Aperture And How It Will Effect Your Images
Ok, so the last blog i posted, i wrote about how your exposure effects your image. There are 3 main things that will effect your exposure.. these are your Aperture, Shutter Speed and your ISO.
To make this blog NOT be 10 pages long, i'm just gonna go into detail in this one about your aperture. Again, i'm sure this is nothing new to many people, but hopefully it'll help bring clarity if you need it on this topic!
An aperture is a hole or opening through which light is admitted. The aperture stops in a photographoc lens, can be adjusted to control the amount of light that reaches the digital sensor or film in the camera. In combination with the shutter speed, the aperture regulates the film’s degree of exposure to light.
If I want more light in my photo, I can choose to open the aperture wider and if I want less light, I can choose for it to open smaller. The diameter of the aperture is measured in f-stops. It took me while to get used to the fact that the lower the F number, the wider the aperature opens and the higher the F stop, the smaller the aperature opens, letting in less light.
While we are talking about aperture settings, it is good to know about shooting in aperture priority mode. This is a semi automatic mode. It allows me to choose the aperture setting and the camera automatically sets the shutter speed for correct exposure. This is sometimes referred to as Aperture Priority Auto Exposure, A mode, Av mode, or semi-auto mode.
When looking at lenses, they include the minimum and maximum apertures.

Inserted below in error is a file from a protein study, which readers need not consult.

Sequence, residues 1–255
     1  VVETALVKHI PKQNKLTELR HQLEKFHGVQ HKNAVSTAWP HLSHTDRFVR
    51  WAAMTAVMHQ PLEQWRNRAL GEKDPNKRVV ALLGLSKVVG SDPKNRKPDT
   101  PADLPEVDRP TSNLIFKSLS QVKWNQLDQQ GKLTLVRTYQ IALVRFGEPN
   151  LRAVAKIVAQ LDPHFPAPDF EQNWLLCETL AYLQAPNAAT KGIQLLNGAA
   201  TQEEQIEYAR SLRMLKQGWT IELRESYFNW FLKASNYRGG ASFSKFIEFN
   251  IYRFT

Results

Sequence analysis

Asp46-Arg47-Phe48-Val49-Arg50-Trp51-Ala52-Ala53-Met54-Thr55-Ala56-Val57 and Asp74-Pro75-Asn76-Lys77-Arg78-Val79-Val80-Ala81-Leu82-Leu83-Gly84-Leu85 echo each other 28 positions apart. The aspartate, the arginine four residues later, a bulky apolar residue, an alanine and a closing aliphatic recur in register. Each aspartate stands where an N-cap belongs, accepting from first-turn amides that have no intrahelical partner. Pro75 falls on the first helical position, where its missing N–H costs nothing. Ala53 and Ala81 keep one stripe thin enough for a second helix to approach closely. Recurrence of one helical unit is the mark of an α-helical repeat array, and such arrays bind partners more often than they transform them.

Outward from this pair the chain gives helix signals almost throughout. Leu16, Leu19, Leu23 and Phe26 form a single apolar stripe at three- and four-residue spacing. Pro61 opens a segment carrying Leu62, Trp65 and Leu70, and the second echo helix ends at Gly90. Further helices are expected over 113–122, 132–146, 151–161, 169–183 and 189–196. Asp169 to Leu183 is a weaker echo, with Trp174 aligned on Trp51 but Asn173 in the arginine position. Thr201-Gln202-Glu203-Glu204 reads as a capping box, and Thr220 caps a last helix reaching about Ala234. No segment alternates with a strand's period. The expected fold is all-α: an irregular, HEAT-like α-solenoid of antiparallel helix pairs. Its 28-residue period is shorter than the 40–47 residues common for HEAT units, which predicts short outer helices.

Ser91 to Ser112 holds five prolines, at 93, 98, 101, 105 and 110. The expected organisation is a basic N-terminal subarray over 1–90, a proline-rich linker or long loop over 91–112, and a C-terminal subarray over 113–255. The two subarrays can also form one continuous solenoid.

This refers to the minimum and maximum size the aperture can open to. A typical lens may have aperture sizes ranging from F2 to F16, but this obviously depends on the lens and what it’s primary function is.
The maximum aperture (minimum F number) tends to be of most interest and is always included when describing a lens.
According to wikipedia, the largest aperture used in film history, was F0.7 and was used in Stanley Kubrick’s film Barry Lyndon.
Prime lenses (non zoon lenses) have a fixed focal length (FFL) and a large aperture. These are favoured by professionals, especially the likes of photojournalists who may be working in bad lighting situations and have to be able to capture good photos no matter what the lighting conditions.
Zoom lenses typically will have apertures around the ranges of F2.8 to F6.3. A very fast and expensive zoom lens will have a constant aperture of F2.8 or F2. This means that the aperture will stay the same size through the zoom range.
Experiment with your aperture. Take photos starting with the largest aperture, and then go to the smallest. If you are shooting on manual, it will give you a good idea of the effect your aperture has on your pics.
Happy Shooting over the Halloween weekend... i'll explain ISO and Shutter Speed in my next blogs!
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